Getting What We Ask For

Whitney Capps

Day: 9 | Plan: 1-2 Samuel

Today’s Reading: 1 Samuel 9

1 Samuel 9:2-3 (NIV) “Kish had a son named Saul, as handsome a young man as could be found anywhere in Israel, and he was a head taller than anyone else. Now the donkeys belonging to Saul’s father Kish were lost, and Kish said to his son Saul, ‘Take one of the servants with you and go and look for the donkeys.’”

French diplomat Joseph de Maistre said, “every country has the government it deserves.” Israel may or may not have gotten what they deserved, but they certainly got the government they asked for.

At this point in their history, Israel is consumed with appearances, desperate to be led by men like their pagan neighbors, rather than led by God. They’ve neglected the things of God, forgetting to inquire about His will for them.

Instead, they ask Samuel for a king so they can be like the other nations. God grants them a king to fit their desires, and 1 Samuel 9 introduces us to Saul, the first king of Israel.

Saul is the son of Kish, a well-respected man from the tribe of Benjamin. Saul is a remarkable young man “nearly a head taller than anyone else” (1 Samuel 9:2b). It is interesting that Samuel includes this physical detail in his description. No other Israelite in Scripture is described this way. In fact, only Israel’s enemies were noted for their height. This may be an ominous foreshadowing of just what kind of king Saul would become.

Saul is sent on a mission to retrieve his family’s lost donkeys that had gone missing. History affirms that it was a praiseworthy trait and applicable skill for Israel’s king to be a good shepherd. Yet, from the beginning, Scripture attests that Saul is not skilled at protecting or rescuing those in his care.

After searching the countryside for the lost donkeys, Saul gives up. He has been unable to find what is clearly valuable to his father. (And we discover that the donkeys were able to find their own way home. They must not have gone too far!) Concerned that his father might begin to worry, Saul says they should return home. Some scholars assert that this is not legitimate concern, but an indication of Saul’s lack of perseverance and his desire to give up. We can’t be sure of his intentions. Saul’s life’s story will evidence that more often than not, his motives were self-serving and shortsighted.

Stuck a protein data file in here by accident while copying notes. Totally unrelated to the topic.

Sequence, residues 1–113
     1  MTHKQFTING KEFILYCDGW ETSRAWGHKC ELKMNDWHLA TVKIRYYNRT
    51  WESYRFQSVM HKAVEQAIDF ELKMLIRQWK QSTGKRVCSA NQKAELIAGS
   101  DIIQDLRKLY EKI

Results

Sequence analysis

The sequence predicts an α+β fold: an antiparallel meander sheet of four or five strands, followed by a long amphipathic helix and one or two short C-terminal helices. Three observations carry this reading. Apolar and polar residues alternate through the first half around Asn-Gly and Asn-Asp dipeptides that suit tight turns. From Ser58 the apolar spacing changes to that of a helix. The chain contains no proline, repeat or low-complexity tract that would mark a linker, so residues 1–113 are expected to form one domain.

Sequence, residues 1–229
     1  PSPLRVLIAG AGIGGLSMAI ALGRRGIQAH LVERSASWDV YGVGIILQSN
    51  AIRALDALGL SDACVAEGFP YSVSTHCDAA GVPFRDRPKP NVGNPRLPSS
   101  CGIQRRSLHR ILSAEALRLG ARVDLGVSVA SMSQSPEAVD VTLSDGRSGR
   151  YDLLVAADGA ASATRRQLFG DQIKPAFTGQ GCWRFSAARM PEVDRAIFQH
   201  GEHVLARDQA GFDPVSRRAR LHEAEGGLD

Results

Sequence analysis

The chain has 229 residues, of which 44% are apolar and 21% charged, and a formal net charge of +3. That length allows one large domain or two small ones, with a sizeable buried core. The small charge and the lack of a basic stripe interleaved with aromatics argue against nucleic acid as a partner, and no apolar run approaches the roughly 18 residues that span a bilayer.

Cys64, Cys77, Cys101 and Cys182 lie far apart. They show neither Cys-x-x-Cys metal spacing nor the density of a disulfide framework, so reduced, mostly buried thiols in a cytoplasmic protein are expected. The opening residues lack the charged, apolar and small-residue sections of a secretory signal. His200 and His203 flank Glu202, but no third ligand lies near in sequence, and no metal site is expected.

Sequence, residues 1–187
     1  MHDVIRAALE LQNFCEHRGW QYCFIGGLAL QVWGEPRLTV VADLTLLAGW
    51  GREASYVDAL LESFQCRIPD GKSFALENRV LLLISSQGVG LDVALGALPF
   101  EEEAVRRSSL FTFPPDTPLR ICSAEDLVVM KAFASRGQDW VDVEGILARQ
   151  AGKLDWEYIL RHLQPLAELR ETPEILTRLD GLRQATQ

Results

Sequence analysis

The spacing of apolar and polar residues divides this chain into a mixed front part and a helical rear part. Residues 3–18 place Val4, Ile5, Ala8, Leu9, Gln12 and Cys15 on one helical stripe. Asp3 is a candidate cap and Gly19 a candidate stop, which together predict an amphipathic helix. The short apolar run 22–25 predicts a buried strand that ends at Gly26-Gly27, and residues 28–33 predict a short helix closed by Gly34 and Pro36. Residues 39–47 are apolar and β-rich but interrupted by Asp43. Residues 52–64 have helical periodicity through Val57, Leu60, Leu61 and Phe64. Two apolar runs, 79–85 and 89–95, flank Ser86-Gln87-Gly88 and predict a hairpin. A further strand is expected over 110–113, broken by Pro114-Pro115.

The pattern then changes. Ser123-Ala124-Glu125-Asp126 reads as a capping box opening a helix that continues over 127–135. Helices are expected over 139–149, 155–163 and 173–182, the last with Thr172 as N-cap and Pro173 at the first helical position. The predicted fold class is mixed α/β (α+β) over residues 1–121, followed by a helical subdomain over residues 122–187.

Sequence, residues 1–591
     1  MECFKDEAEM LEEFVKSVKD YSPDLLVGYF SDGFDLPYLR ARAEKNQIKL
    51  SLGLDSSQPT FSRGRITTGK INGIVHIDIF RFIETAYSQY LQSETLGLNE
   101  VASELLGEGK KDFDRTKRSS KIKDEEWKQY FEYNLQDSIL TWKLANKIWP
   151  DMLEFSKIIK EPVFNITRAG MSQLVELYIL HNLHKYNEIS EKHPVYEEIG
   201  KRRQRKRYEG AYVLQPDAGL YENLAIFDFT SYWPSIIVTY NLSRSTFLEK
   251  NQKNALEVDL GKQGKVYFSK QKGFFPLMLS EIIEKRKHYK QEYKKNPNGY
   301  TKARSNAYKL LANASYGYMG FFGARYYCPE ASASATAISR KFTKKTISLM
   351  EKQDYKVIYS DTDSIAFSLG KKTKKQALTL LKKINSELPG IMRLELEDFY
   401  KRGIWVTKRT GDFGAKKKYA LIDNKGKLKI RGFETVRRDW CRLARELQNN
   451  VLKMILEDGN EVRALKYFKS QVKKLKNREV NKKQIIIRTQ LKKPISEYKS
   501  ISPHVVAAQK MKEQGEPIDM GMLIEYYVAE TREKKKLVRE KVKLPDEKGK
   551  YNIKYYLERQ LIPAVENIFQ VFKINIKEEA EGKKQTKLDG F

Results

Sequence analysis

Lastly, it is Saul’s servant who suggests that they inquire of Samuel, the man of God, for guidance. It never occurred to Saul to ask for the Lord’s help. Looking to the Lord as a last resort, or not at all, will be destructive markers of Saul’s life.

In Saul, Israel gets a king who would make them much like the nations and rulers around them. He was physically tall, but spiritually small. Saul was selfish and ambivalent to the needs of others. The people God had called to be separate and set apart are now, in so many ways, just like the nations around them.

I’m grateful that God doesn’t always give us what we ask for when answering our prayers. Aren’t you? But on occasion, I do think God gives us just what we ask. He allows us to get the desire of our heart so we can see how hollow those desires really are.

What kind of “king” are you asking for? What if God granted you the plea of your heart? What would be the quality of the prayers God might answer for you?

Prayer: Heavenly Father, You had a perfect plan for Israel. Rather than look to You for wisdom and guidance, they wanted their own way and independence. You gave them what they asked for. Today I praise You for all the times You didn’t answer my prayers. I thank You for sparing me from foolish requests. Today grant me the grace to filter my desires and prayers through the wisdom of Your Word. In Jesus’ name, amen.

More Moments:

Scholars speculate that Saul was just under 7 feet tall. While he certainly “stood... Read More

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